Season-to-date prime time ratings are down 11% vs last year for the Big Four networks in live-plus-same-day results for their target audience of 18-to-49 year olds. And investors want to know: Is this a blip, or a symptom of a deeper problem — possibly viewer defection to online videos? Two reports out this morning acknowledge the problem but urge investors to wait for more information before panicking about the prospects for the Big Media companies that own the major networks. While it may be cold comfort for moguls, the main problem seems to be something they can address: lousy programs. “Most of the freshman shows have been a disappointment,” says Barclays Equity Research’s Anthony DiClemente. “Without top quality new programs to augment the success of past hits, we believe aggregate network ratings have suffered.”
Still, several factors may have exaggerated the problem. There are the vagaries of the schedule: For example CBS’s decision to move Two And A Half Men from Monday to Thursday “impacts both nights because of last year’s early success on Monday [with the introduction of Ashton Kutcher who replaced Charlie Sheen] combined with the greater competition this year on Thursday,” Nomura Equity Research’s Michael Nathanson says. NFL football also may be tipping the scales: Match ups are stronger this year for Monday Night Football, and the NFL Network added five Thursday Night Football games. (Previously it didn’t begin its schedule until week 10.) That could be taking a bigger bite than usual from live ratings as the number of people who use DVRs to time-shift non-sports programming grows. The audience for shows including Revolution, Glee, The Office and Up All Night is at least 50% higher when you measure viewing up to seven days after they air vs live plus same day results. When Nielsen releases the data that advertisers value most, live-plus-three day ratings, that “will tell a more complete story,” DiClemente says.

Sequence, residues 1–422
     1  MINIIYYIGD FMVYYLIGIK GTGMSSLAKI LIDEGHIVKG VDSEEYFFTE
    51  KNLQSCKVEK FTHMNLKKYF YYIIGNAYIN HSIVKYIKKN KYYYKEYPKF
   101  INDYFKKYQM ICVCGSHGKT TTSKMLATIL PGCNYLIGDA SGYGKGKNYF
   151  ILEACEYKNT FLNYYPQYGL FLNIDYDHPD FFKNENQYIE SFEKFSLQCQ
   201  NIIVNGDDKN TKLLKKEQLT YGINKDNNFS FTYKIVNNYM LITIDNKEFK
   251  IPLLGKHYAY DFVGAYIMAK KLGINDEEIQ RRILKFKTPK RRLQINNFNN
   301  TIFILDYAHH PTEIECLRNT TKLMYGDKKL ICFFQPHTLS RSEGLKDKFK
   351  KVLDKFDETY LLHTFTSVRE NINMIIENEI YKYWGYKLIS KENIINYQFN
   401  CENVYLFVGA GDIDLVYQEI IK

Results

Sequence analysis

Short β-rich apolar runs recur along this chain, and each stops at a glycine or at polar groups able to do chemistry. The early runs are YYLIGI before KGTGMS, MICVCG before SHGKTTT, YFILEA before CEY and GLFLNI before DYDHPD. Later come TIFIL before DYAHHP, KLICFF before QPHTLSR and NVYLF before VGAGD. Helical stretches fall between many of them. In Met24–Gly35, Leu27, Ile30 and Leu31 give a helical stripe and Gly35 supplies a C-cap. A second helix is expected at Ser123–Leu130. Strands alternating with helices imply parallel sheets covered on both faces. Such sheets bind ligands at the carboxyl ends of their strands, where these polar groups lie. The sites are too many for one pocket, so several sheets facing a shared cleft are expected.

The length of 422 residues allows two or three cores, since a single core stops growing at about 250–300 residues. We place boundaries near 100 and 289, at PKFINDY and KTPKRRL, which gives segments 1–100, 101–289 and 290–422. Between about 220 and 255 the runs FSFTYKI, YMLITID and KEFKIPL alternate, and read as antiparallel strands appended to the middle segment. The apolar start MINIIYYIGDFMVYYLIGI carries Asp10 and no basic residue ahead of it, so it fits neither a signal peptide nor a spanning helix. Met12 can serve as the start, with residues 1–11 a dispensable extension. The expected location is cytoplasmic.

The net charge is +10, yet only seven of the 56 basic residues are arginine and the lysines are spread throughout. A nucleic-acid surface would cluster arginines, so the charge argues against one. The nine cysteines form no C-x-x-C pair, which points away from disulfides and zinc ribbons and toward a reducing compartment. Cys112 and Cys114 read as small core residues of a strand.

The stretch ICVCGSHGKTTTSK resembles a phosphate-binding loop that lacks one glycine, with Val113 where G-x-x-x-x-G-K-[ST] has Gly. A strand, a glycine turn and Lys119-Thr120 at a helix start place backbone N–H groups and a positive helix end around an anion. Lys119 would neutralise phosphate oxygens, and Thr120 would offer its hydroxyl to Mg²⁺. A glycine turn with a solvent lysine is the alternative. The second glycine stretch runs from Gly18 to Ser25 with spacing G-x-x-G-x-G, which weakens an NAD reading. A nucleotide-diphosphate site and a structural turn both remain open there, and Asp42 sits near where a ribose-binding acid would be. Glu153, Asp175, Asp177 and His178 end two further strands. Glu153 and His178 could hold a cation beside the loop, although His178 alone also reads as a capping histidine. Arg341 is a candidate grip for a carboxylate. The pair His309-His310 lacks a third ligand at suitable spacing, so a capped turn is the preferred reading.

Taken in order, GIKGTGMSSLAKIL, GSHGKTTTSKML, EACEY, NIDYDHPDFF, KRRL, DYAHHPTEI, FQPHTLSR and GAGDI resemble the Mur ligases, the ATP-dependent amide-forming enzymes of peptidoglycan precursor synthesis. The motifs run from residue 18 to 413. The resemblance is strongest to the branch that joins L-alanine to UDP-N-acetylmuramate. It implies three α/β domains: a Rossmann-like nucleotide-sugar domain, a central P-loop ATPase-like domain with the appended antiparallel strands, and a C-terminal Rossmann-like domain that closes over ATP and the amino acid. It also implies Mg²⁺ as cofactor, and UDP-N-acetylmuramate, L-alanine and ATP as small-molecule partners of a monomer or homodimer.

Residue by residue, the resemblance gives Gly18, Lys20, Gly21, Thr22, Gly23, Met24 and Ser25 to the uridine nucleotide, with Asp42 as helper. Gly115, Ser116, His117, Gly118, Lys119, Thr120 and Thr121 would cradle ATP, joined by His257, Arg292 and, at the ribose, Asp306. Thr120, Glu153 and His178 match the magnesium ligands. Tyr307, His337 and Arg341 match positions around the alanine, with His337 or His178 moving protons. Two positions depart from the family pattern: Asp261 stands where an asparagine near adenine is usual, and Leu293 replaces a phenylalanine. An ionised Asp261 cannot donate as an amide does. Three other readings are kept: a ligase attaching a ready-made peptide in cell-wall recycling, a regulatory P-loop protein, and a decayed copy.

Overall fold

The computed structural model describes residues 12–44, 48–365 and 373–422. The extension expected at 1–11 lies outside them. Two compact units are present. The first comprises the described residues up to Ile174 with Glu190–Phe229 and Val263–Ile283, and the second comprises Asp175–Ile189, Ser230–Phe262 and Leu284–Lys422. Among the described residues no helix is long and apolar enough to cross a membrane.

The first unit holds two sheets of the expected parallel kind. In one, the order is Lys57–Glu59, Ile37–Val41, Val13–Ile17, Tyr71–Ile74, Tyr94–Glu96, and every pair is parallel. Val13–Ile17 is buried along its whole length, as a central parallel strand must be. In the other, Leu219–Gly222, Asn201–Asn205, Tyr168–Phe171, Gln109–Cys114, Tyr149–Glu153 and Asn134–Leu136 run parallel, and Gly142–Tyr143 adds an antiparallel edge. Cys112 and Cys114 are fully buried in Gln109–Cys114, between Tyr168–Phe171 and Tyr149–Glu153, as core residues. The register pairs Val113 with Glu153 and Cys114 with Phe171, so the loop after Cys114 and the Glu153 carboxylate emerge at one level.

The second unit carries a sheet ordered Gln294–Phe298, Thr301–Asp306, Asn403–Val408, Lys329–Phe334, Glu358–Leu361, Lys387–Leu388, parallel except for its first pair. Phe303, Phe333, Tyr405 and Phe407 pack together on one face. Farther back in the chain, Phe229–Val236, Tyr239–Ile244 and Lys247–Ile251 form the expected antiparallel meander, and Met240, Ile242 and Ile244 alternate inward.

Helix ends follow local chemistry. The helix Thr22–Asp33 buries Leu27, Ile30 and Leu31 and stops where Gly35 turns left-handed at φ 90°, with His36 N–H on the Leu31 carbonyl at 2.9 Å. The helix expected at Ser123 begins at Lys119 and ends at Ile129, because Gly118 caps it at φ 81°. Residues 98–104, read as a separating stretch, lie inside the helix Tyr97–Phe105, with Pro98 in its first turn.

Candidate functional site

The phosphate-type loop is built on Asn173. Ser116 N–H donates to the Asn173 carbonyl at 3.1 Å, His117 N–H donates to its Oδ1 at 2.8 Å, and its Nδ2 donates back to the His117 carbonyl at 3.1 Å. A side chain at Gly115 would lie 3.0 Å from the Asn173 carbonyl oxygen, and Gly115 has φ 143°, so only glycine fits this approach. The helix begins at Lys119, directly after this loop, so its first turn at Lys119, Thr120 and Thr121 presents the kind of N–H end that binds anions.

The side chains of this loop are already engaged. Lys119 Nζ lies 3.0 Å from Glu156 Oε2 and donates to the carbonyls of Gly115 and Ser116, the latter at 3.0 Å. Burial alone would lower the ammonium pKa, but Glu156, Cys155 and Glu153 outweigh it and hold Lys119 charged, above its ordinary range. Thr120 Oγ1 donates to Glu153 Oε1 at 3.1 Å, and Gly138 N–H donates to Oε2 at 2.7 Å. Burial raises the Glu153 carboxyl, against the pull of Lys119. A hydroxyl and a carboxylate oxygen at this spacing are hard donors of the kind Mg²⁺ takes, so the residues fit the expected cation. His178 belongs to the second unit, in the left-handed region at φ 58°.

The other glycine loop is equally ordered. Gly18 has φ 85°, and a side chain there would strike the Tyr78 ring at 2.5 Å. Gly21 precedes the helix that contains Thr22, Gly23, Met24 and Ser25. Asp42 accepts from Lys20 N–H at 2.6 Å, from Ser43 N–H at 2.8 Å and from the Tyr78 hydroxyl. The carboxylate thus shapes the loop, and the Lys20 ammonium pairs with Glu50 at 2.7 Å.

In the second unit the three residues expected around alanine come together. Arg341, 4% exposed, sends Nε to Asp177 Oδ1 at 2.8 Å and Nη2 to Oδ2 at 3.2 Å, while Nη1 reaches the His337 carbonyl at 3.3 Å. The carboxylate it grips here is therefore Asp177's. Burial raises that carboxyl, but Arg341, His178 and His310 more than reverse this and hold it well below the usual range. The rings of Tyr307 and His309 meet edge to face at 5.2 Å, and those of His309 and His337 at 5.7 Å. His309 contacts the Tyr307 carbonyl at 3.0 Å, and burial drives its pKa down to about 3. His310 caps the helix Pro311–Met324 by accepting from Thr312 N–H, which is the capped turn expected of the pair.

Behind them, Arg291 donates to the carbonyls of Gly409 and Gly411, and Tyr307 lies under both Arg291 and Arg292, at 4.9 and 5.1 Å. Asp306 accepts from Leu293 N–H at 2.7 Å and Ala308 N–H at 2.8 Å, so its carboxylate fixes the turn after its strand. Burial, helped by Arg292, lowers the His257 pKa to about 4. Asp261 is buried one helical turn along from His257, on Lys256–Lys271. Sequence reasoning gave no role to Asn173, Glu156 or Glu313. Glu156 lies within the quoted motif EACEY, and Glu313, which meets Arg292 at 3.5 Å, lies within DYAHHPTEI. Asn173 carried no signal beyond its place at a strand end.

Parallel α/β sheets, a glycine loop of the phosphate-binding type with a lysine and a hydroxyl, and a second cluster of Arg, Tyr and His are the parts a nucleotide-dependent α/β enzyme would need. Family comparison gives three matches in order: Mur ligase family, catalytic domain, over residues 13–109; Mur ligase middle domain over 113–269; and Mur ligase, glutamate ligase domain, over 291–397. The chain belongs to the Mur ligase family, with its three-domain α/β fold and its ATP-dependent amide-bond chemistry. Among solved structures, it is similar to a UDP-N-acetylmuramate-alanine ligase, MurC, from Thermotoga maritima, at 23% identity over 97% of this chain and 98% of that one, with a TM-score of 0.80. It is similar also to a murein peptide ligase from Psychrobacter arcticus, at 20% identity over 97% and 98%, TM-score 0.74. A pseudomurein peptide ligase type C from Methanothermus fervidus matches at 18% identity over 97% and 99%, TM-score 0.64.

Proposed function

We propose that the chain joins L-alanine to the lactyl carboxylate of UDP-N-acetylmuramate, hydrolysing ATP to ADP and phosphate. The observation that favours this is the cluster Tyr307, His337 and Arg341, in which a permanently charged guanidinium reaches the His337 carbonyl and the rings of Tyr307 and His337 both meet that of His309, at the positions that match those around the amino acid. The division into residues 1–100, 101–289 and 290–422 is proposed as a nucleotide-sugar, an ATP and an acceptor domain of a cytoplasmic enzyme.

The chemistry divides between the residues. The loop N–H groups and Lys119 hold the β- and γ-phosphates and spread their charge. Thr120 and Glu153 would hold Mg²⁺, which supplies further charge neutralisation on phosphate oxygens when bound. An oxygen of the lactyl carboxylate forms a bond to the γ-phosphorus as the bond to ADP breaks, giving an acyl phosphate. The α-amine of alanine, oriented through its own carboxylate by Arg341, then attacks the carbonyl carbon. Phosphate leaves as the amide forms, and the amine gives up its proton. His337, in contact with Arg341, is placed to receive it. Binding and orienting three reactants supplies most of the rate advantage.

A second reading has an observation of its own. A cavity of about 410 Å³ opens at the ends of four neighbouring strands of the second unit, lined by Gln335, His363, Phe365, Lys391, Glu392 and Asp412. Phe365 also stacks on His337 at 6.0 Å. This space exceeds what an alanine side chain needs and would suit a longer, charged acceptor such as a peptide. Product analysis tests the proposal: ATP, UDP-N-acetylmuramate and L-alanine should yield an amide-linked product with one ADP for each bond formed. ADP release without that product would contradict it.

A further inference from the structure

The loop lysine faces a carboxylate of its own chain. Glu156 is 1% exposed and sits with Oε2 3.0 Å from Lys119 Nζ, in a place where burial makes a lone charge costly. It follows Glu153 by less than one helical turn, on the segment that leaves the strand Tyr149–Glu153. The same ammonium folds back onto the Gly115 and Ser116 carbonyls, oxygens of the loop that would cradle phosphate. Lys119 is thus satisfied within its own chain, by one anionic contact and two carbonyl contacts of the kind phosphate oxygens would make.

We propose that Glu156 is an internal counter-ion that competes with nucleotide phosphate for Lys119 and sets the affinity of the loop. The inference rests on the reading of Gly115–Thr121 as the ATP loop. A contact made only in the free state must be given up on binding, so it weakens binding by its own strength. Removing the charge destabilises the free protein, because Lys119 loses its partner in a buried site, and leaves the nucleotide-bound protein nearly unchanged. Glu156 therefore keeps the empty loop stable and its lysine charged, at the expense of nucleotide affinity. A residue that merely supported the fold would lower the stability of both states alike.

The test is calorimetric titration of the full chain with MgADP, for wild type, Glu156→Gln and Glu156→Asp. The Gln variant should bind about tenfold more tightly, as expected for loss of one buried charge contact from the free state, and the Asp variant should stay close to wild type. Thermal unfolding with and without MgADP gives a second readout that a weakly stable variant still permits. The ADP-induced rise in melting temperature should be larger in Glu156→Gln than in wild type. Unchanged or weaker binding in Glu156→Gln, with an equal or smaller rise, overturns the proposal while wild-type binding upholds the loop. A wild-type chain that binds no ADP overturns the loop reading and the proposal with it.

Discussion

But while the additional info will help, “we don’t see it offsetting this year’s higher declines,” Nathanson says. He warns that CBS, which collects 27% of its revenues from broadcast network advertising, is “most exposed” if the ratings drop continues. It would affect 8% of News Corp’s revenues, 7% of Disney’s, and 5% of Comcast’s (which controls NBCUniversal). Put another way, if broadcast network ad sales dropped by 5% due to poor ratings it could cut earnings per share at CBS by 5.7%, News Corp by 2.1%, Disney by 1.3%, and Comcast by 0.7%.